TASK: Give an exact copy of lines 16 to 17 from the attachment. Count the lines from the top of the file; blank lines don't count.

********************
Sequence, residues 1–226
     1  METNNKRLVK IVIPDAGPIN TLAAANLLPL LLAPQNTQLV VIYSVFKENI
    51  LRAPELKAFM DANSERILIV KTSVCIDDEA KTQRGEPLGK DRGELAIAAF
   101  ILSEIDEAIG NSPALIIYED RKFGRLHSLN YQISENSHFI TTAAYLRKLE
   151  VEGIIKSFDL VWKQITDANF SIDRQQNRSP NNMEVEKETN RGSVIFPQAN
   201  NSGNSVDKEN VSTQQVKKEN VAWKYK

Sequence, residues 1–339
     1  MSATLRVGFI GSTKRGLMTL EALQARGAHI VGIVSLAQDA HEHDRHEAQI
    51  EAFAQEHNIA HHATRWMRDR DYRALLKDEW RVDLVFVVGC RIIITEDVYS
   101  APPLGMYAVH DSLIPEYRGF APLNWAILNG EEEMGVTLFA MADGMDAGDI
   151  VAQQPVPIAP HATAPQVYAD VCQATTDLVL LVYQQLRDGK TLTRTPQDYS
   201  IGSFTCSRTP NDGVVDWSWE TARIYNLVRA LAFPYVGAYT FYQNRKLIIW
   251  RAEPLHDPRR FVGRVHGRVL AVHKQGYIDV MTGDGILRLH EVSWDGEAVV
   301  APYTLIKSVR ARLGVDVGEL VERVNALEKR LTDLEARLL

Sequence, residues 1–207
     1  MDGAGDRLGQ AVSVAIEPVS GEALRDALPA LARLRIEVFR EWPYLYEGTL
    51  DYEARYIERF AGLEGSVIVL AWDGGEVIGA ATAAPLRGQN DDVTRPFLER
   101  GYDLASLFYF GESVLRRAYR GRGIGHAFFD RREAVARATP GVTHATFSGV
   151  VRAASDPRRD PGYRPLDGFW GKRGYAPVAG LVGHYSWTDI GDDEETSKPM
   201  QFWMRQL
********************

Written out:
     1  MDGAGDRLGQ AVSVAIEPVS GEALRDALPA LARLRIEVFR EWPYLYEGTL
    51  DYEARYIERF AGLEGSVIVL AWDGGEVIGA ATAAPLRGQN DDVTRPFLER